Discoveries at Oregon Caves may be the oldest in northern America

Originally, the Clovis era was said to be the oldest evidence of human habitation in America. But now discoveries in a network of caves in Oregon are pointing to an earlier group who settled there, 1,000 years before the Clovis period.


The Paisley Caves were excavated to yield biological remains of prehistoric humans who entered the America’s towards the end of the last ice age. By the way in this instance, when they talk of biological remains, they mean faeces, human faeces to be exact, or coprolites which is a scientific way of saying it.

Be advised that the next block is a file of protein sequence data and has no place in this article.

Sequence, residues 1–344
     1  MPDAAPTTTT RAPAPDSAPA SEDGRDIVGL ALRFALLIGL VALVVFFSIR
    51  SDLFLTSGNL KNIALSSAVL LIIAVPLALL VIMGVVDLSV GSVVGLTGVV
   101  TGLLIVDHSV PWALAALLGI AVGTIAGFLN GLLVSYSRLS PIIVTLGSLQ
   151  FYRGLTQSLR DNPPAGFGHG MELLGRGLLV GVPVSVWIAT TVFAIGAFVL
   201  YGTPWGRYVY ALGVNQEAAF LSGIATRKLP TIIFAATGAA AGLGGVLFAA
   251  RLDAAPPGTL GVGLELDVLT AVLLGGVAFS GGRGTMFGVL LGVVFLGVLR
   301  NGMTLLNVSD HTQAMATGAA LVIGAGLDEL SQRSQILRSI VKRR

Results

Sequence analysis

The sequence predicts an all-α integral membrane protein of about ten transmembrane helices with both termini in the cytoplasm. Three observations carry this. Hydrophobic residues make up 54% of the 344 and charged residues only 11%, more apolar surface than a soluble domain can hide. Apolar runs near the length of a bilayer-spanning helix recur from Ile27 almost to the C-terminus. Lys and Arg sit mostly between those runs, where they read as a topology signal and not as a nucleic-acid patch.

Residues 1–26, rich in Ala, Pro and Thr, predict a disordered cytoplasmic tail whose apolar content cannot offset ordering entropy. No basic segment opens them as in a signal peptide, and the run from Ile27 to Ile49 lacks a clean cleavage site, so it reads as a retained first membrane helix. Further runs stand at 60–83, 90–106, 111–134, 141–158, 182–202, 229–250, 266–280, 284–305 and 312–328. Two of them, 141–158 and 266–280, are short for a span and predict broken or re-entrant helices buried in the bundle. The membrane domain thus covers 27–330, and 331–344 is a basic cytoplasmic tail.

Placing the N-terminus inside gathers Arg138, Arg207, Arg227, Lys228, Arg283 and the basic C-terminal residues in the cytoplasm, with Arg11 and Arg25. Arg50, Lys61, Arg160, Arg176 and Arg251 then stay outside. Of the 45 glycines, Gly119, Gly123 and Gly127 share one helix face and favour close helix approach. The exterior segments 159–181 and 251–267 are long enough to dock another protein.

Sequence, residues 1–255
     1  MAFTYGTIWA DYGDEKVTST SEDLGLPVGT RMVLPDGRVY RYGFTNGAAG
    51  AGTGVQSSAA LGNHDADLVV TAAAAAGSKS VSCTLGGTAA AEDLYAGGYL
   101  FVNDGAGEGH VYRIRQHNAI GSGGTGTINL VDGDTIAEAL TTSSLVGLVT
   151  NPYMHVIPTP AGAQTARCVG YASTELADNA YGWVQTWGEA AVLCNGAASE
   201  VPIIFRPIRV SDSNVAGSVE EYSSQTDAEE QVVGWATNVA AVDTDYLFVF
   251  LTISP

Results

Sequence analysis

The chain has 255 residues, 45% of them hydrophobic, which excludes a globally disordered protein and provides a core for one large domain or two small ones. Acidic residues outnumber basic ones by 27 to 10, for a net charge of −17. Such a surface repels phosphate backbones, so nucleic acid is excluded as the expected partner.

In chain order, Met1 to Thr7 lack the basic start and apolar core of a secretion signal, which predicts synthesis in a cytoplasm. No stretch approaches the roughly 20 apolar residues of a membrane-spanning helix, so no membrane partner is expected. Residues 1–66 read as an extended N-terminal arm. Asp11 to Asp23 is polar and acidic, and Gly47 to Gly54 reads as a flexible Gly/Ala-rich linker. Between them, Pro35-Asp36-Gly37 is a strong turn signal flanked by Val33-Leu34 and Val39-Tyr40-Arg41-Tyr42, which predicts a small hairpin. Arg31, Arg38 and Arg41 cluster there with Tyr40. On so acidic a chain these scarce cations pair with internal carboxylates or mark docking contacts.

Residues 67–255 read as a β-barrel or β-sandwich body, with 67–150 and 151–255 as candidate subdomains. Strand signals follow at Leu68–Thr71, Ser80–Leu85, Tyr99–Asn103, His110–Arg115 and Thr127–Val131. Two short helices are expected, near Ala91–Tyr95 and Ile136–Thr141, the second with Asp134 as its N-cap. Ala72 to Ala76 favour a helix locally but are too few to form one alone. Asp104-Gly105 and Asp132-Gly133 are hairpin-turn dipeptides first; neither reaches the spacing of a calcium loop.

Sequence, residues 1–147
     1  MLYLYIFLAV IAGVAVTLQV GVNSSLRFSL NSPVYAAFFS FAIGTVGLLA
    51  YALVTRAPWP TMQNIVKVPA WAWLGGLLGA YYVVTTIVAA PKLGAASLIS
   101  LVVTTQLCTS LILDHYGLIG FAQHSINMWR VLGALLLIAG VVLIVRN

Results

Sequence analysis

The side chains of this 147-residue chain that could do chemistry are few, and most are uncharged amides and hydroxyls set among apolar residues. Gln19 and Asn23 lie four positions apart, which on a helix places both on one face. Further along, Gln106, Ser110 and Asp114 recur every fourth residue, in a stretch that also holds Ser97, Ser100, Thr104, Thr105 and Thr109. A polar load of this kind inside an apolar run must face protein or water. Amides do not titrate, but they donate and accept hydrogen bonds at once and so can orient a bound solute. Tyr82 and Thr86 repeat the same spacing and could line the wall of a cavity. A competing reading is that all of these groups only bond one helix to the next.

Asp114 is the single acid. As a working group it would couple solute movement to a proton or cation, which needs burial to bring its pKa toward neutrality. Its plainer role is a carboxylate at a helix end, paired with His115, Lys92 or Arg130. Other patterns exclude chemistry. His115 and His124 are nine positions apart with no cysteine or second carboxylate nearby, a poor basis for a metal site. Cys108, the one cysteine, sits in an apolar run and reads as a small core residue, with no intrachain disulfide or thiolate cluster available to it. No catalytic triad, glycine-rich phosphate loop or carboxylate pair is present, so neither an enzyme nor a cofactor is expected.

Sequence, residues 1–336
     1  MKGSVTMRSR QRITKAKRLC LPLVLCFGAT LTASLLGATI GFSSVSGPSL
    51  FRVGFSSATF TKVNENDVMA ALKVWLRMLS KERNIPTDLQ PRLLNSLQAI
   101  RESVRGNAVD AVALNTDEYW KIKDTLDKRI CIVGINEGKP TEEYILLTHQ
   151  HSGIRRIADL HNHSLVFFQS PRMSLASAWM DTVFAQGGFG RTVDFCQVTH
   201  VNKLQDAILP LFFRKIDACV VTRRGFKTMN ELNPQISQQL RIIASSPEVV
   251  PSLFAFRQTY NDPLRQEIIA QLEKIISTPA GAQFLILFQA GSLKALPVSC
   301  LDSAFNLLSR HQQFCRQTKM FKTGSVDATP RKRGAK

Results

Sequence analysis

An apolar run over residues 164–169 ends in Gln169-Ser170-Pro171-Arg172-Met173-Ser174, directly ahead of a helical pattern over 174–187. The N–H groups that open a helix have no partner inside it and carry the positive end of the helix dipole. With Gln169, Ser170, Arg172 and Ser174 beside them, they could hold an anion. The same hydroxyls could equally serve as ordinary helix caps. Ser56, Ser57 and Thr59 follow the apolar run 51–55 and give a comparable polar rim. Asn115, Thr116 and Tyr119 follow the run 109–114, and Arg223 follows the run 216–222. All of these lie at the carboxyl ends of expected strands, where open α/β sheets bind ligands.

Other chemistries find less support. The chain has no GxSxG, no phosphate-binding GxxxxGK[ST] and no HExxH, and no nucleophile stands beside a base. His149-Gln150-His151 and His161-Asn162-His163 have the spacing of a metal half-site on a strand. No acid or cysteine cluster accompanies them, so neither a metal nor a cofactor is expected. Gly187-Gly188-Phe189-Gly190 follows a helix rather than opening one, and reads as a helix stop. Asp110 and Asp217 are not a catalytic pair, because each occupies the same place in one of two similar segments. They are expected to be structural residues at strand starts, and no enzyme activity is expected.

The archaeological team found approximately 200 samples and were radiocarbon dated to 14,300 years old, about 1,000 years earlier than the famed Clovis era.


The team also uncovered stone tools, mainly used for grinding of plants, animals bones and creating projectile points. Researchers believe the environment around these caves were vastly different during the first human contact, with grasslands and lakes with animals such as bison, camels and waterfowls.


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